Friday, 29 August 2008

One Day, In Denmark

When I think of the Danes, I tend to imagine tall, shiny people positively radiating health and vitality, good-looking rather than beautiful and generally jolly. 24 hours in Denmark largely confirmed the stereotype, although admittedly, they're not all tall. But in the short time we were there, we were made to feel welcome (in English, good old Scandinavia), well cared-for (the campsite we stayed in was one of the most spectacularly equipped we've experienced so far) and despite the gloomy, drizzly weather, there was no denying a general sense of bonhomie.

We were also relieved to discover that Denmark isn't quite as heinously expensive as we'd feared. Fuel is no pricier than anywhere else, the campsite costs are the higher end of average (but still cheaper than Switzerland), toilets tend to be free to use and very clean (you usually have to pay between 30 and 50 cents to have a Jimmy in Germany) and it's very kind to the motorist. Service stations and picnic areas are plentiful, both on the motorways and the trunk roads. If you want to eat out, smoke or drink alcohol, costs can prove a bit hefty, but we kept our outgoings modest to non-existent in that area and spent well under half our five hundred Krone when we re-crossed the border with Deutschland. There are about 7.4 Krone to one Euro, if you want to do the maths.

As we only had a day, we took ourselves to Ribe, Denmark's oldest town and only a few hours drive from where we'd been staying with Theo's old school friend, Franzisca and her boyfriend, Henning in Kiel. Even the persistent light rain couldn't destroy Ribe's charm, sitting as it does on a small river, complete with small dams and weirs (I was going to describe the river as dammed and weired, but decided that was unfair). We saw diminutive, part-timbered houses, chocolate-box streets, a pond area a-quack with ducks and a rather splendid cathedral.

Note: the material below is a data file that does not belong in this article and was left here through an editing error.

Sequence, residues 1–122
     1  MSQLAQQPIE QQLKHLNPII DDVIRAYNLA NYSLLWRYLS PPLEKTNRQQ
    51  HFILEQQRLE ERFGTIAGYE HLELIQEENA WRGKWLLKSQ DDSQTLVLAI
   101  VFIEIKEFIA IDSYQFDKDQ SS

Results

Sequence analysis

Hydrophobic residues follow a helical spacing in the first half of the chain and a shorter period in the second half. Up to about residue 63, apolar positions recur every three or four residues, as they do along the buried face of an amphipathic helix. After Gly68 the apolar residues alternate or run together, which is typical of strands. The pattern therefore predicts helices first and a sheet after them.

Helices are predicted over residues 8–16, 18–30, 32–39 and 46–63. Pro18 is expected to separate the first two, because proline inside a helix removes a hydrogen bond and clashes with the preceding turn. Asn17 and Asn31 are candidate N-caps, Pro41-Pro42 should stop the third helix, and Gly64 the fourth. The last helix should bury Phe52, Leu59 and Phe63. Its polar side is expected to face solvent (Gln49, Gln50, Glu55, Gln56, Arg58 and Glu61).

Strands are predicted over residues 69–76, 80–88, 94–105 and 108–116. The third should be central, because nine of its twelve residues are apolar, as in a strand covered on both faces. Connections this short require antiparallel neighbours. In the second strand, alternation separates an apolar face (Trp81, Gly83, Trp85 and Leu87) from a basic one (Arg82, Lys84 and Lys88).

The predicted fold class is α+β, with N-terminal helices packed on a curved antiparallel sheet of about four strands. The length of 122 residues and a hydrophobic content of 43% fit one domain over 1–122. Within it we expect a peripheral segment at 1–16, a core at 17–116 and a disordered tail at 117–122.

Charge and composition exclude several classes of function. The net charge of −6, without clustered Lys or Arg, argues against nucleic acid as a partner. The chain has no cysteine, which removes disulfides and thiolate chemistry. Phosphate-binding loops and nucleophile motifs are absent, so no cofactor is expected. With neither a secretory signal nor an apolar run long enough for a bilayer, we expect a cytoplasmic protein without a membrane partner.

Theo and I have visited more churches and cathedrals than I can easily count on our travels so far. Mainly because they tend to be the most beautiful buildings in which you can still wander for free. The cathedral in Ribe was not only a looker in terms of its gorgeously decorated pillars and ceilings and intricately carved pulpit, but it had arrestingly combined the ancient, Romanesque characteristics with some eye-catching modern art. Expressionistic mosaics, stained glass windows and frescoes surrounded a monolithic, almost Bauhaus altar. We agreed it was the grooviest cathedral we'd visited.

Pausing only to buy a couple of Ribe Bolle - a type of local Danish pastry - we pointed Sheena south and towards the town that once dominated the Hanseatic league, before being overtaken by the likes of Hamburg and Amsterdam. But the main reason I was looking forward to Lubeck was because I'd heard it was famous for making excellent marzipan. I really must go on a diet once this trip is over. Meanwhile, BRING IT ON.

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